Father Garry Koch is pastor of St. Benedict Parish, Holmdel.


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Gospel reflection for Oct. 15, 2023, 28th Sunday in Ordinary Time

The parable of the king who invited guests to the wedding feast of his son, only to find that many of them had other things to do that they felt more important than attending, has immediate application to our lives today.

Concern over the lack of regular participation of people in religious services, and especially for Catholics attending Mass, is a matter of much discussion among religious leaders, as well as certain members of academia and the social sciences. To be fair, numbers are always skewed by the researcher, and some of the base data are inaccurate to begin with but suffice to say that weekly Mass attendance is somewhere around 20%. On a month-to-month basis this number is higher, as there are many people who attend Mass occasionally or even frequently, but not weekly. In any case, we all have more important things to do than to go to Mass.

For many the period of the lockdown during the recent pandemic broke a long-standing habit of Mass attendance. Some lost the rhythm all together, while others are happy to turn on their television or computer, enjoy a cup of coffee in their lounge clothes, and watch Mass on television. Perhaps not even Mass anymore, there are some very dynamic preachers on TV and well, it’s all the same.

This practice, this attitude, betrays the fundamental tenets of our faith and practice: we are called to an assembly of believers, sharing not statically but dynamically the presence of Christ in the signs and symbols, the community, the priest, the Word of God, and yes, physically and mysteriously, in the Eucharist itself.

Jesus is truly and physically present to us in the Eucharist. In a survey just released over 60% of Catholics who attend Mass regularly, affirmed that belief. Sadly, this means that over almost forty percent do not -- exactly -- believe such. And the number of those who identify as Catholics who believe so, is substantially less than that.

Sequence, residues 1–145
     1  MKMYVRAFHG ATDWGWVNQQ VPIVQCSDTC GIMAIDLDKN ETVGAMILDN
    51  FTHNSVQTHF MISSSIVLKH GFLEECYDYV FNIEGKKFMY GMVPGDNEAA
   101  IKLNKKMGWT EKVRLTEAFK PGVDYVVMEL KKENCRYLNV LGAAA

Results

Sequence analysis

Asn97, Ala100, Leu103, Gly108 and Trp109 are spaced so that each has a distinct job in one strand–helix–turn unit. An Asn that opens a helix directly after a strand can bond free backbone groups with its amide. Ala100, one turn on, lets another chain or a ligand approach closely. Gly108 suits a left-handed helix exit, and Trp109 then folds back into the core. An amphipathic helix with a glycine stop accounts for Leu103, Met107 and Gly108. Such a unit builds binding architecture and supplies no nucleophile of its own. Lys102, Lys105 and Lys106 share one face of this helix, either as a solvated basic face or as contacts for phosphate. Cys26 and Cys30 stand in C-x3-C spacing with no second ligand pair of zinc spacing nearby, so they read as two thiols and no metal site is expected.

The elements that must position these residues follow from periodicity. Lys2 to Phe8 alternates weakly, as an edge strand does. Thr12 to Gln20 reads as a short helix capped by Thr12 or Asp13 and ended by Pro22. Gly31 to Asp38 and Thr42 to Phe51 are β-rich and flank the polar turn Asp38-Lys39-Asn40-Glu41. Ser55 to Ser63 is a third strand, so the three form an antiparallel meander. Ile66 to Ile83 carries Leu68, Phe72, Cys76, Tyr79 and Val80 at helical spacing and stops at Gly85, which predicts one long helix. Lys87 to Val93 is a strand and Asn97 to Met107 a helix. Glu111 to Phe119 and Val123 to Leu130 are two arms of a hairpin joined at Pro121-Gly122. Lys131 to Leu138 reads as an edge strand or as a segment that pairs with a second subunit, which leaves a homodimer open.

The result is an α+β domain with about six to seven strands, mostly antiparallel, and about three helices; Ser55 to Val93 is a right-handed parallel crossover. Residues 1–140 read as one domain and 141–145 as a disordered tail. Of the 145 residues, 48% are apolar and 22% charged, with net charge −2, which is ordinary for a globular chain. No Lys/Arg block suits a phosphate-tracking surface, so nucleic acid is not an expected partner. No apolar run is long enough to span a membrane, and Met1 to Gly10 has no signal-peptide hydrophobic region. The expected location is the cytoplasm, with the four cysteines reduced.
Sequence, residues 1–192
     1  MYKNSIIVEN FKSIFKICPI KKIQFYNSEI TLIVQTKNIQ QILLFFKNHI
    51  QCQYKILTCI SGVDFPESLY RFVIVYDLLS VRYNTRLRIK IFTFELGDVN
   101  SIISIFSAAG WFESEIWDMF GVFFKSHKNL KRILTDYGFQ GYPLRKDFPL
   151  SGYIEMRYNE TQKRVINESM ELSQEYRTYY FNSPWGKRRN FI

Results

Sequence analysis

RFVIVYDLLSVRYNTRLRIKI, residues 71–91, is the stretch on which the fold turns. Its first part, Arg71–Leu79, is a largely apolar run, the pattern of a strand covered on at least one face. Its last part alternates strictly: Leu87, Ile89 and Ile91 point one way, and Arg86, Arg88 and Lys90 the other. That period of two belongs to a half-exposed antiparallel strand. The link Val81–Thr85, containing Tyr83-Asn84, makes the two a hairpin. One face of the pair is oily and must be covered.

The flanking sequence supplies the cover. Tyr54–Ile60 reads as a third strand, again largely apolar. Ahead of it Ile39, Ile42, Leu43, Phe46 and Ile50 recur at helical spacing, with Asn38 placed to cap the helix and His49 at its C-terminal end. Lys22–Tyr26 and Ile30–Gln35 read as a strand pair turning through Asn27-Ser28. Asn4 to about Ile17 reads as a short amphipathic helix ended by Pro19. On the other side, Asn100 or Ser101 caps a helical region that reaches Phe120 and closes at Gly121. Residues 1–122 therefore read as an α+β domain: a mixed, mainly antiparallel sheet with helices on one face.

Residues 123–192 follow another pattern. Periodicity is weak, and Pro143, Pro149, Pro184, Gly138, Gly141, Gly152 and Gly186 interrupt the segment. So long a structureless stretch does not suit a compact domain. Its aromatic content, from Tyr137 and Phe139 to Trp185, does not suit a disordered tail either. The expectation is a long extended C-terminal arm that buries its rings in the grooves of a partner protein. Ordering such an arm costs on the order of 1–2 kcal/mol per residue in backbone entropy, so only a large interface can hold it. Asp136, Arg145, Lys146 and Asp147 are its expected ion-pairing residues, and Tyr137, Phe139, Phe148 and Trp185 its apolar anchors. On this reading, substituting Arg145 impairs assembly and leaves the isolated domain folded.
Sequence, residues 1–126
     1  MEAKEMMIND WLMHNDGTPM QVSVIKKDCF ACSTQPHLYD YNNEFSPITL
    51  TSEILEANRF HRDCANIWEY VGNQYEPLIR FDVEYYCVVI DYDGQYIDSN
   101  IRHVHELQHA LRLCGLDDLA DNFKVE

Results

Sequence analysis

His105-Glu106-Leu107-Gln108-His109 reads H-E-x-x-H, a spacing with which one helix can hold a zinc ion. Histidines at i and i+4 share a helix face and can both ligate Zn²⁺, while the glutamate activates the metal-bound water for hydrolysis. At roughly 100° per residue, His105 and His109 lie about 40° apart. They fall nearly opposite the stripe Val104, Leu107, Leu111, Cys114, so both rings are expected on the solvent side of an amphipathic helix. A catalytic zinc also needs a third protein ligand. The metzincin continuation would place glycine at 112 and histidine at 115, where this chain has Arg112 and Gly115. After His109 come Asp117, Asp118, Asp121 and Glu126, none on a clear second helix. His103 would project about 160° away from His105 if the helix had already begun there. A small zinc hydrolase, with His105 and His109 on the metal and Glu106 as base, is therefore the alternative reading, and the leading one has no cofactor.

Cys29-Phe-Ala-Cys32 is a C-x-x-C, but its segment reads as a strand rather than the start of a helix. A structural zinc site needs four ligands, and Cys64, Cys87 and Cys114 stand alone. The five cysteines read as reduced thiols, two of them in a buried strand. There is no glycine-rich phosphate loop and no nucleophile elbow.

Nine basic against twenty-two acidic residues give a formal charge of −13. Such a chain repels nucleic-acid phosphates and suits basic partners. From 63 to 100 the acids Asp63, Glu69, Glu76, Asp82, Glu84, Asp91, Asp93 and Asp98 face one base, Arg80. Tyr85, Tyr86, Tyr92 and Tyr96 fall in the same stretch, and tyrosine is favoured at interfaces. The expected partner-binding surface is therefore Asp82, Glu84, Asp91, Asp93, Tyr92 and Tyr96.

Alarmed by this the bishops of the US have inaugurated this period of Eucharistic Revival in the Church in our country for we all need to be reminded of the centrality of the Eucharist and the Mas in our lives.

The parable that Jesus uses here is a blunt reminder of the commitment we have to respond with generosity to the call of God in our lives.

But it is also clear that attending Mass, or participating in a communal service of prayer, is itself still not enough. There is one individual in this parable who attends the banquet, but who failed to wear the appropriate wedding garment. He was thrown out of the banquet. This is a reminder to us that we must be properly disposed to attending Mass and receiving the Sacrament. This means partaking in the Sacrament of Confession with regularity, and leading a life of faith, filled with prayer, and acts of charity to the other -- love of God; love of self; love of neighbor.

A life of faith might be at times challenging. Life gets busy, and the secular world does its best to silence the church bells on Sunday through the sound of the whistle nf the soccer official, the energy of the dance class, and the banter of national news talk shows.

We must prioritize the faith for ourselves and for our families in ways that, collectively, will push back on that noise, and enrich not only our faith, but our families and our lives.

The Lord invites us to the weekly banquet and we say, “sorry, no,” but not one of us wants to say no to “heaven.” What we say today is a foreshadowing of what we say to the Lord when it really matters.

Father Garry Koch is pastor of St. Benedict Parish, Holmdel.